Smoking is one of the leading causes of death in the society, all over the world. We all know that smoking is bad for your health but why is it even more so before and after a breast augmentation surgery? How dangerous is smoking before/after surgery? And how does it affect you? With this article, we will discuss the dangers of smoking before and after a breast augmentation surgery.
Why you should not smoke before/after your breast augmentation surgery?
Smoking prior to surgery increases the risk of complications like heart attack or stroke and also affects wound healing after surgery. This is due to the presence of chemicals like nicotine and carbon monoxide in cigarettes that affects how your body handles surgery. For this very reason, there have been cases where doctors’ rejects performing surgery on patients who smoke in order to prevent after surgery complications. While some doctors are not so extreme, most doctors would strongly advise patients against smoking before their surgery.
Understanding the risks of complications for smokers:
1. Increase risk of heart and lung complications
When you smoke, nicotine and carbon monoxide from the cigarette reduces oxygen supply to your heart and body. Nicotine is a type of vasoconstrictor (vaso=blood vessels) that causes narrowing of the blood vessels and decreased blood flow to your body while carbon monoxide depletes the oxygen levels in your body. This makes it hard for your heart and body to get the required amount of oxygen it needs and can be very dangerous when you are in a surgery. You may develop breathing problems during the surgery and also increase your risk of lung complications like pneumonia and lung collapse.
2. Increase dose of anaesthetic required
Chemicals in cigarettes also affects the breakdown of certain drugs in your body such as anaesthetic and pain-relieving drugs. This means you will need a higher dose of anaesthesia and pain medications after your surgery. It is important for you to check with your anaesthesiologist about how your smoking habits may affect your anaesthesia care plan prior to your surgery.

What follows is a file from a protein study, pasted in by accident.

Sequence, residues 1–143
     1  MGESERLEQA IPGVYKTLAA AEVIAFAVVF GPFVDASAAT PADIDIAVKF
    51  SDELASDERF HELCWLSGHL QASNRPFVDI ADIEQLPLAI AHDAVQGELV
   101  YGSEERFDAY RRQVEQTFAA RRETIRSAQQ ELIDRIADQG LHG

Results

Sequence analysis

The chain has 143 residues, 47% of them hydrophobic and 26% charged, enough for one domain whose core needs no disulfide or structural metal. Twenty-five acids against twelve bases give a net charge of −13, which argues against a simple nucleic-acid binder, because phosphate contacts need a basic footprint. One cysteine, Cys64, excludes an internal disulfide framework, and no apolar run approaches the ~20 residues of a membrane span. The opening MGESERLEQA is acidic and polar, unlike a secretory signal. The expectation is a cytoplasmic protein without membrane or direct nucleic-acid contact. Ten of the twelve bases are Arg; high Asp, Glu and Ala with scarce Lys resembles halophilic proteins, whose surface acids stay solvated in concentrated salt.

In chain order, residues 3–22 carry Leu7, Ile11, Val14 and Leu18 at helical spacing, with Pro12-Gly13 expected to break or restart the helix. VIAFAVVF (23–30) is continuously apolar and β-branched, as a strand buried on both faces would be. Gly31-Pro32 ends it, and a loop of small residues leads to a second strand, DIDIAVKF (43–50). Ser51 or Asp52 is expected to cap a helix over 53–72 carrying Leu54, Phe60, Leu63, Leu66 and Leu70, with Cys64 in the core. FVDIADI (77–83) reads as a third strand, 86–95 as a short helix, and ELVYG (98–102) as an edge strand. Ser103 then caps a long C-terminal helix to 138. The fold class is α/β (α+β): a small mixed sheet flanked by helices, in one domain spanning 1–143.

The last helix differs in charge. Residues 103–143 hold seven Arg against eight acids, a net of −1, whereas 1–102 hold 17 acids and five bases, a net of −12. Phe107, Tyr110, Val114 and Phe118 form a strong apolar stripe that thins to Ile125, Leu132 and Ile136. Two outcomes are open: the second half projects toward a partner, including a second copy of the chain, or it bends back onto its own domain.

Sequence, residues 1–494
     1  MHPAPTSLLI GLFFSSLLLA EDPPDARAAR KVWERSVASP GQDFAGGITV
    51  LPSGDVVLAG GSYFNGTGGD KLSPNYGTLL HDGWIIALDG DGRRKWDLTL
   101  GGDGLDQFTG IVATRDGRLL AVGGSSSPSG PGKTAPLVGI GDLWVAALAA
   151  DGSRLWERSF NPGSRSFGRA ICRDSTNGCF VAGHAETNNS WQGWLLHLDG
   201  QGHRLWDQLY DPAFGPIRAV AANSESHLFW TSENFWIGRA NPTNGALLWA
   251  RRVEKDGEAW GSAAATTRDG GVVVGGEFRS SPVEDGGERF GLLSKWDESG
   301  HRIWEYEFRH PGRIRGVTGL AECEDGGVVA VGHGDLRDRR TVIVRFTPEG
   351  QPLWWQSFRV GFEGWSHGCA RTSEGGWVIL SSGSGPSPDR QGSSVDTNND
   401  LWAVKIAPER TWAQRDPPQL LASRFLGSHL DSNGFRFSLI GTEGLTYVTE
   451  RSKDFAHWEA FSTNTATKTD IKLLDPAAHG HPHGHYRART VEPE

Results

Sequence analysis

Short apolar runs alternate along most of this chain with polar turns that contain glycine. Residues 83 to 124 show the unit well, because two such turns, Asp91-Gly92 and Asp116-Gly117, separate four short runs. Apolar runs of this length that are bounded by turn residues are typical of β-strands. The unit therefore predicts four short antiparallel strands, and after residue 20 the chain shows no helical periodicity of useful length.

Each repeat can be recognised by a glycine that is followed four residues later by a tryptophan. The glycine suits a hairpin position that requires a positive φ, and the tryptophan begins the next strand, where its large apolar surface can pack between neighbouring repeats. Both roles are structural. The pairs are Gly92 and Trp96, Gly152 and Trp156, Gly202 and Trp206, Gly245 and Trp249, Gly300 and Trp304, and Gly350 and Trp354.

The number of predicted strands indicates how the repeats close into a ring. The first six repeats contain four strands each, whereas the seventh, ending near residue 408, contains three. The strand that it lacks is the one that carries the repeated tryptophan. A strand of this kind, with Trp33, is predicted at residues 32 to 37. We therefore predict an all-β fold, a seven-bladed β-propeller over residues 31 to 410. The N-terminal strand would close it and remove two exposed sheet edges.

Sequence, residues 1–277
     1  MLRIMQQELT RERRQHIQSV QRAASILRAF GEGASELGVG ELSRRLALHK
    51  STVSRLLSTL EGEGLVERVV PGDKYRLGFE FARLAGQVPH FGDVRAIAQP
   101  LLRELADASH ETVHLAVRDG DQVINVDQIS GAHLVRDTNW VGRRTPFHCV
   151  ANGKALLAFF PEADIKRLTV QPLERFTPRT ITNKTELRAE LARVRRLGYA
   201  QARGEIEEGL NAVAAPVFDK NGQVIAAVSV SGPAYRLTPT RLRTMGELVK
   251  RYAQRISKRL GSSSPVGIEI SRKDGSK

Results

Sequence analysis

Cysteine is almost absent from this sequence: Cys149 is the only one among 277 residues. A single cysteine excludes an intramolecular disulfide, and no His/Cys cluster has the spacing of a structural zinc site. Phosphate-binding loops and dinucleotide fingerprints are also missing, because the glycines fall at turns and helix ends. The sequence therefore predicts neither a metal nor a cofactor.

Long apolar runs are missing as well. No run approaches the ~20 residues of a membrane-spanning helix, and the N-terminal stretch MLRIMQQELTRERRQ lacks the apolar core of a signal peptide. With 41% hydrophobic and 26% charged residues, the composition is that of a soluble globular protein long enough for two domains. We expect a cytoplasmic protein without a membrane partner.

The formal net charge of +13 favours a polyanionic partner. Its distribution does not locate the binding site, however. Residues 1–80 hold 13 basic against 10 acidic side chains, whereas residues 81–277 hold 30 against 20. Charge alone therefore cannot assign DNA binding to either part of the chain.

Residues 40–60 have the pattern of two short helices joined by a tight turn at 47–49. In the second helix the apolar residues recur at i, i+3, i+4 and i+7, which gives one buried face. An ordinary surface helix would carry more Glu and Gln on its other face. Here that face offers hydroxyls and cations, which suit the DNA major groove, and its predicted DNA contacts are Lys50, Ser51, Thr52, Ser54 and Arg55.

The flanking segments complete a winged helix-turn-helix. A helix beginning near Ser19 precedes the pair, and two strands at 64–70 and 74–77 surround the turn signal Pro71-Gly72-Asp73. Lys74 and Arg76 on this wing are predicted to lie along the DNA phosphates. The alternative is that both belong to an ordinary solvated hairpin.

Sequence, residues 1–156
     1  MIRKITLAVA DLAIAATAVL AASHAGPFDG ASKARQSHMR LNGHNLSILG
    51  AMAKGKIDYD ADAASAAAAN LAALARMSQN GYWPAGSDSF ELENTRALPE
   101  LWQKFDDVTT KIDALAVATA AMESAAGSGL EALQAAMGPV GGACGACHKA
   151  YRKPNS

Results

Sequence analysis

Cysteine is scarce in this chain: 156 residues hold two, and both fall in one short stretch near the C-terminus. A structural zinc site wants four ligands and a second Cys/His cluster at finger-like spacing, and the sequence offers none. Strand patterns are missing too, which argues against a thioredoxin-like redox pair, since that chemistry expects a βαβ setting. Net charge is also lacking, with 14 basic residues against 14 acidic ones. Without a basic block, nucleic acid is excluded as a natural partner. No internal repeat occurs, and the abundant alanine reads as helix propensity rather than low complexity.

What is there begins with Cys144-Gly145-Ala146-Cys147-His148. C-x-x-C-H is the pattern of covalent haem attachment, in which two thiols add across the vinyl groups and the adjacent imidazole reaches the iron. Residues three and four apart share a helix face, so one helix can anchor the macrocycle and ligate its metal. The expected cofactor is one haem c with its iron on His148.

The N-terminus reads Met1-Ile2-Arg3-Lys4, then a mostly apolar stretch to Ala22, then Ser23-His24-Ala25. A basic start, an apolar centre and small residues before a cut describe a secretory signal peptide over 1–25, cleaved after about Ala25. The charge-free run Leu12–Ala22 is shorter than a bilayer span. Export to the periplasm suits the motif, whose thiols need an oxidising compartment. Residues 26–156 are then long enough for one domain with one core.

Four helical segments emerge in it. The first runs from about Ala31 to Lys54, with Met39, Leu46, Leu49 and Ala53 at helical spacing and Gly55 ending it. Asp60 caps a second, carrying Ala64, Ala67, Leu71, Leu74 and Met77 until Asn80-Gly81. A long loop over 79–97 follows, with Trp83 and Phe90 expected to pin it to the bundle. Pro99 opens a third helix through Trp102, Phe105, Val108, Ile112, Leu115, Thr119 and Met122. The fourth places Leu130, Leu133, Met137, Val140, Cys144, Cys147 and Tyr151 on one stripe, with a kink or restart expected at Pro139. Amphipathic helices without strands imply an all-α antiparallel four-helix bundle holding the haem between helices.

3. Increased risk of blood clot
Smoking also increases the risk of blood clot forming in your veins of your lower calf during surgery as the chemicals in cigarettes causes change to the blood, making it thicker and stickier. This is known as thrombosis and the clot formed (thrombus) can obstruct the normal flow of blood through the circulatory system. The formation of thrombus can be very dangerous and fatal if the blood clot breaks off and get lodged in the main blood vessels of vital organs like the heart and lungs.
Impact of smoking on surgical outcomes:
1. Increase risk of infection
Smoking decrease your immune system and may cause increase risk of infection to your surgical wound/ incision site due to reduced blood supply. In the event of bacterial infection, your body will be unable to effectively defend itself due to decrease in white blood cells available at the surgical site.
2. Affects wound healing and recovery time
To understand why smoking before/after surgery is so damaging to you, you have to first understand how wound healing works in our body. There are a few basic requirements for a wound to heal namely: oxygen and protein. Oxygen and protein are the main building blocks necessary for the formation of new tissues. When a wound is healing, our circulation system is the main delivery system to transport these materials to the healing site. However, when you smoke, the nicotine in cigarettes affects blood flow and slows down the delivery system causing the wound tissues to die.
Smoking also impairs the healing of bones, skin, wounds and other body tissues. The slowing of wound healing also increases the likelihood of greater scarring.
**Note that smoking does not limit to cigarettes only. Any form of products containing nicotine can cause the same harmful effects as listed above as well including e-cigarettes, cigars, tabaco and nicotine gum/patches.